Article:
The Republican tax overhaul, passed last month on party-line votes, would cap federal deductions for state and local taxes and for mortgage interest, a plan that hits high-tax states like California — and residents of wealthy areas like Orange County, Los Angeles and San Diego — especially hard.
And the Trump administration has rolled back environmental regulations and proposed allowing oil exploration along millions of acres of coastline, a plan that has drawn bipartisan outrage. The administration later reversed course by offering an exemption to Florida, a state Trump won — but not to California.
“It just gets worse every day. Everything from the reversal on climate change, his blatant disrespect for immigrants — particularly those with a tint of melanin in their skin or an accent — to the GOP tax plan that just came out,” said state Sen. Holly Mitchell (D), the chairwoman of the Senate Budget Committee.
California has taken action against the administration on a more frequent basis than any other state. Attorney General Xavier Becerra (D), appointed to the position by Gov. Jerry Brown (D) last year, has sued the Trump administration two-dozen times, over everything from a proposed ban on travelers from certain predominantly Muslim countries to a plan to end the Deferred Action for Childhood Arrivals immigration program.
Brown has been circumspect in his criticisms of Trump, reserving his opposition to specific policy critiques. But Becerra, in an interview in his office overlooking the state Capitol, said Trump has it out for blue states.
“I think he’s targeting states that have inclusive policies, because I think he’s an exclusionary president,” Becerra said.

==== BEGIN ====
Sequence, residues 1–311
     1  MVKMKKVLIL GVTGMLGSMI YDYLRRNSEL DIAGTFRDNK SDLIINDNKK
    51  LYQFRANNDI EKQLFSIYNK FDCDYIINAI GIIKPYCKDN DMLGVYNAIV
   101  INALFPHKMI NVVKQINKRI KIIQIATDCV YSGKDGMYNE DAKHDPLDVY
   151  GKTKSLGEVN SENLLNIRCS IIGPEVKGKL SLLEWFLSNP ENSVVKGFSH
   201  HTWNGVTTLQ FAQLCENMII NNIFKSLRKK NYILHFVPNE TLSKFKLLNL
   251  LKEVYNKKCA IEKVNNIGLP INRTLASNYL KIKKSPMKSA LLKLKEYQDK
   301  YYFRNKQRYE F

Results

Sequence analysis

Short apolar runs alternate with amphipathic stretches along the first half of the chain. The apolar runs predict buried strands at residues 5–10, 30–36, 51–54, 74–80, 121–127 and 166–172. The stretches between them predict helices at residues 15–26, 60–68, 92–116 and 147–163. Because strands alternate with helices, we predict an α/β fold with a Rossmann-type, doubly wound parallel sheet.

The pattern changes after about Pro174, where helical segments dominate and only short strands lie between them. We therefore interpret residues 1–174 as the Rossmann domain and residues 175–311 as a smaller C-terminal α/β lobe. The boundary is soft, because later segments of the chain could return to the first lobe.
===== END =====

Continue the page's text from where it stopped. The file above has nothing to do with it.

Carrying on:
Referring to Trump’s comments last week labeling certain nations “shithole countries," Becerra added: “From everything he’s said, I would call him a racist.”
Republicans in Sacramento almost unanimously say they wish Trump would stop tweeting. But they say Democrats have been far more focused on opposing the Trump administration than they have been on issues important to California.
“We have spent way too much time focusing on what President Trump and the federal government are doing,” said state Sen. Patricia Bates (R), the Senate minority leader. “You’ve got to get over it. Let’s get on to our business.”
California voters have not improved their outlook on Trump’s first year in office. Just 30 percent of California voters approve of Trump’s job performance, according to a Berkeley Institute of Governmental Studies survey in December, down from 39 percent in March. Trump’s approval rating in a Public Policy Institute of California poll from the same month stood at 28 percent.
Trump’s unpopularity in the state has given Democrats political openings in districts held by Republican members of Congress. Seven of the 14 Republican-held districts voted for Hillary Clinton in 2016, seats that are now at the top of Democratic target lists.
“The president, especially in California, seems to be giving [Democrats] a lot of gifts,” said Assemblyman Phil Ting (D).